Mama Ajax @ Blogger

Just a little bit my life experiences.

soonergirl980
by Silver Member on May. 3, 2013 at 10:42 AM

Ummmm don't they know Christians do not get "Christmas" off they get winter break just so happens it traditionally falls at Christmas. It absolutely cannot be about Christmas as the word Christmas isn't even allowed at school.

finnbar
by Silver Member on May. 3, 2013 at 10:43 AM
I think they have a valid concern. Kids should not be penalized gradewise because they have a religeous event.
Talee
by Gold Member on May. 3, 2013 at 10:43 AM
1 mom liked this


Quoting romalove:

I'm in NJ, and the Jewish holidays are observed with closings at school on a district by district basis.  Where I live, we have three Jewish temples in town (and a charter school that is bilingual English and Hebrew) and the schools are closed for Rosh Hashanah, Yom Kippur and Passover.  The next town over does not observe those holidays and they are open.

It is generally done on a "how many kids will be absent" basis, meaning, they don't care so much about the holiday but about the loss of federal dollars for kids who don't attend on an open day.  They'd rather have another day be open when they will get maximum attendance.

My town has stopped saying the days off in September are Rosh Hashanah and Yom Kippur. They now call them Fall Break 1 and Fall Break 2.  

Everything's up to date in Kansas City......we've got it all PC around here too.... come on folks, sing along....

This makes sense.

 

Jen #1238904688930684906

greenie63
by Silver Member on May. 3, 2013 at 10:46 AM

Many of the county school systems in Maryland close for Rosh Hashana and Yom Kippur, but not all in fact Baltimore City does not close.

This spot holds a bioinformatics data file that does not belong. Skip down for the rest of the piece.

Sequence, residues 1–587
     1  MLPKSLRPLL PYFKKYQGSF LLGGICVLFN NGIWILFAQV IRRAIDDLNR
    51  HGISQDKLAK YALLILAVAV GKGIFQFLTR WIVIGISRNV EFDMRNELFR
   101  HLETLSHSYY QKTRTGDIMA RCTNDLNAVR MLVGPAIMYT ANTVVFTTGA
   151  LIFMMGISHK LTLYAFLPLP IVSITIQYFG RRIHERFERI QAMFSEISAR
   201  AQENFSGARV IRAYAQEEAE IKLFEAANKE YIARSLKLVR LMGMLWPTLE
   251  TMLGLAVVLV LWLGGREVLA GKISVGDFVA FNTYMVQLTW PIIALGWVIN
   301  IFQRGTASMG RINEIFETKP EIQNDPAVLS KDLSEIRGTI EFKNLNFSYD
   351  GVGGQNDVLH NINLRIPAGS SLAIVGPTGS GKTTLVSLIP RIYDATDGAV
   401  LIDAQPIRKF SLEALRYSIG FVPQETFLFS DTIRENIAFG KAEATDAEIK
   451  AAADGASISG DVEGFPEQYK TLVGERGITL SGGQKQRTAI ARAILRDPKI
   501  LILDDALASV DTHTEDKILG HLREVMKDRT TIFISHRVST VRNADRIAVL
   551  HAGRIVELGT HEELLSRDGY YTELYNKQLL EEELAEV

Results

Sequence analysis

This has been debated for a long time here in Maryland and honsetly if enough students will miss school, they should incorporate it into the schedule. 

Montgomery county is so diverse, probably because it is one of the school districts that politicians, and visiting dignitaries choose to live in. My older sister taught in Montgomery county for many years and it is also a very affluent county, so money talks there. 

lizmarie1975
by Gold Member on May. 3, 2013 at 10:47 AM


My fault. I forgot to add the school district calendar. It's been added now and the district does indicate that the kids have off for Christmas.

Quoting soonergirl980:

Ummmm don't they know Christians do not get "Christmas" off they get winter break just so happens it traditionally falls at Christmas. It absolutely cannot be about Christmas as the word Christmas isn't even allowed at school.



soonergirl980
by Silver Member on May. 3, 2013 at 10:56 AM

It's really hard to read the calendar but doesn't say 25-31 winter break or something so they list the 25th off but they would have it off anyway due to winter break right? I don't really understand why they would list it 2 times on the calendar.

I think that you can't have every single holiday for every single religion because then the kids would have to go to school all year just to fit in all the days off. It's just one of those things that could never be completely equal.


Quoting lizmarie1975:


My fault. I forgot to add the school district calendar. It's been added now and the district does indicate that the kids have off for Christmas.

Quoting soonergirl980:

Ummmm don't they know Christians do not get "Christmas" off they get winter break just so happens it traditionally falls at Christmas. It absolutely cannot be about Christmas as the word Christmas isn't even allowed at school.